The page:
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Open Repair of Abdominal Aortic Aneurysm

Medically reviewed by Last updated on Jan 5, 2023.

What do I need to know about open repair of an abdominal aortic aneurysm (AAA)?

Open repair is surgery to remove an AAA. The AAA will be replaced with a graft. A graft is a tube made of plastic or other material. After surgery, blood will flow through the graft instead of the aneurysm. This prevents aneurysm leak or rupture.

How do I prepare for open repair of an AAA?

  • You may need blood tests or a CT angiography scan before your surgery. These tests will help your healthcare provider plan for your surgery. Talk to your healthcare provider about these or other tests you may need. Arrange for someone to stay with you for at least a week after you leave the hospital. This person can help you around the house and drive you to appointments. He or she can also watch for problems, such as bleeding or wound infection.
  • Your healthcare provider will talk to you about how to prepare for surgery. He or she may tell you not to eat or drink anything after midnight on the day of surgery. The provider will tell you what medicines to take or not take on the day of surgery. You may need to stop taking your blood thinner several days before surgery. You may be given an antibiotic and contrast liquid during surgery. Tell a healthcare provider if you have ever had an allergic reaction to antibiotics or contrast liquid.

What will happen during open repair of an AAA?

  • You will be given general anesthesia to keep you asleep and free from pain during surgery. Your healthcare provider will make an incision in your abdomen. The incision may go up to your chest. Your healthcare provider will clamp your abdominal aorta to stop the blood flow through your aneurysm.
  • Your healthcare provider will remove your aneurysm. A graft will be placed where your aneurysm was removed. It will be attached to your abdominal aorta with stitches. Your healthcare provider will remove the clamps. Blood will flow again through your abdominal aorta. Your incision may be left open to help it heal. A vacuum may be applied to remove blood and fluid. Instead, your incision may be closed with stitches, staples, medical glue, or Steri-strips™. A bandage will be placed over your incision if it is closed.

What will happen after open repair of an AAA?

  • Healthcare providers will monitor your blood pressure, heartbeat, oxygen levels, and breathing. They will also check pulses in your legs. This will help healthcare providers check blood flow through your abdominal aorta.
  • You may have a Foley catheter (tube) in your bladder to drain your urine. You may also have a nasogastric tube (NGT). An NGT is placed through your nose and into your stomach. It is usually attached to a suction machine that removes fluid and air from your stomach. The Foley and NGT will be removed in a few days. You will be given clear liquids for 1 to 2 days after surgery.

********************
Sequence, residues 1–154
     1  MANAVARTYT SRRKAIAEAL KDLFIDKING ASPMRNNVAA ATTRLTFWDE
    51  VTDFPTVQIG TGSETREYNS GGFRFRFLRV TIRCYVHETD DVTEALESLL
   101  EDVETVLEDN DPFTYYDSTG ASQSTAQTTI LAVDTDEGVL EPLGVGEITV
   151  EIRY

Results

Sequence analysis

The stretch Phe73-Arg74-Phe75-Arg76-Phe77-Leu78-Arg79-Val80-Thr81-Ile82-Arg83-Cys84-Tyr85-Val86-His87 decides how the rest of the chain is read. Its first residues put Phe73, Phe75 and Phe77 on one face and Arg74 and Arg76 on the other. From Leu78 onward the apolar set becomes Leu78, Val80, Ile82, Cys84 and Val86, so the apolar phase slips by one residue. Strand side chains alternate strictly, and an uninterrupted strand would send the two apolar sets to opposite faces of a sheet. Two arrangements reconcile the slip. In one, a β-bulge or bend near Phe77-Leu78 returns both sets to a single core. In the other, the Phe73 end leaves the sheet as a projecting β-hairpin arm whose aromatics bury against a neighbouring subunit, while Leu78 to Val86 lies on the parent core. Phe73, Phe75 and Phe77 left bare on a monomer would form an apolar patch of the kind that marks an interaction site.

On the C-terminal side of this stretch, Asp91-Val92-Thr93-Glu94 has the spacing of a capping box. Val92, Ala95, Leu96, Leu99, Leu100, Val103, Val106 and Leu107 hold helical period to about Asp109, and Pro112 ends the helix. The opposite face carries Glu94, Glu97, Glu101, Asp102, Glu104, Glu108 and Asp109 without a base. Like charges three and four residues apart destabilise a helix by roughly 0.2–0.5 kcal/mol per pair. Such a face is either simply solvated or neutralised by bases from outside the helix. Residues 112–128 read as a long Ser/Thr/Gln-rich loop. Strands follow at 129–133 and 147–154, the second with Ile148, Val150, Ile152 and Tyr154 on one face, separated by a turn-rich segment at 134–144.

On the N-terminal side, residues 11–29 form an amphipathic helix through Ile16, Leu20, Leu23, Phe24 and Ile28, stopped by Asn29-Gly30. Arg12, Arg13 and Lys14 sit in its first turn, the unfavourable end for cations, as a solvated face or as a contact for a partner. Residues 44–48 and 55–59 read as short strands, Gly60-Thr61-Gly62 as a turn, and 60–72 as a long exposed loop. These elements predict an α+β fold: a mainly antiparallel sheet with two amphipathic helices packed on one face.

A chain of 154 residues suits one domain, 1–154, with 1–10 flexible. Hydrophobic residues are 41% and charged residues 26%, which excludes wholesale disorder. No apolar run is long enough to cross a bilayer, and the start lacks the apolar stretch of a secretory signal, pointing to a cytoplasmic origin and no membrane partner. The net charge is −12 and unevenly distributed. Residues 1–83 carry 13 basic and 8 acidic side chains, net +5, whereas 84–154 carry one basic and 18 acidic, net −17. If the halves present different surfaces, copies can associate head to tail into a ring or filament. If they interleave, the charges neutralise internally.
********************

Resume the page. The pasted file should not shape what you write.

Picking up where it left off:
• You may spend 1 week or more in the hospital. You may have pain in your abdomen. You may feel weak and tired after surgery. It may take 1 month or more to recover from surgery.
  • If your incision was left open, you will need a second surgery to close it. If you have certain health conditions or lose a lot of blood during surgery, you may need other treatments. Examples include blood transfusions or a ventilator to help you breathe. These treatments will help your body heal from surgery.

What are the risks of open repair of an AAA?

You may bleed more than expected or get an infection. You may get a blood clot in your leg. Blood vessels and other organs in your abdomen may be damaged. The contrast liquid may cause kidney damage or an allergic reaction. Clamping during surgery may also damage to your kidneys. Kidney damage may be permanent.

Care Agreement

You have the right to help plan your care. Learn about your health condition and how it may be treated. Discuss treatment options with your healthcare providers to decide what care you want to receive. You always have the right to refuse treatment. The above information is an educational aid only. It is not intended as medical advice for individual conditions or treatments. Talk to your doctor, nurse or pharmacist before following any medical regimen to see if it is safe and effective for you.

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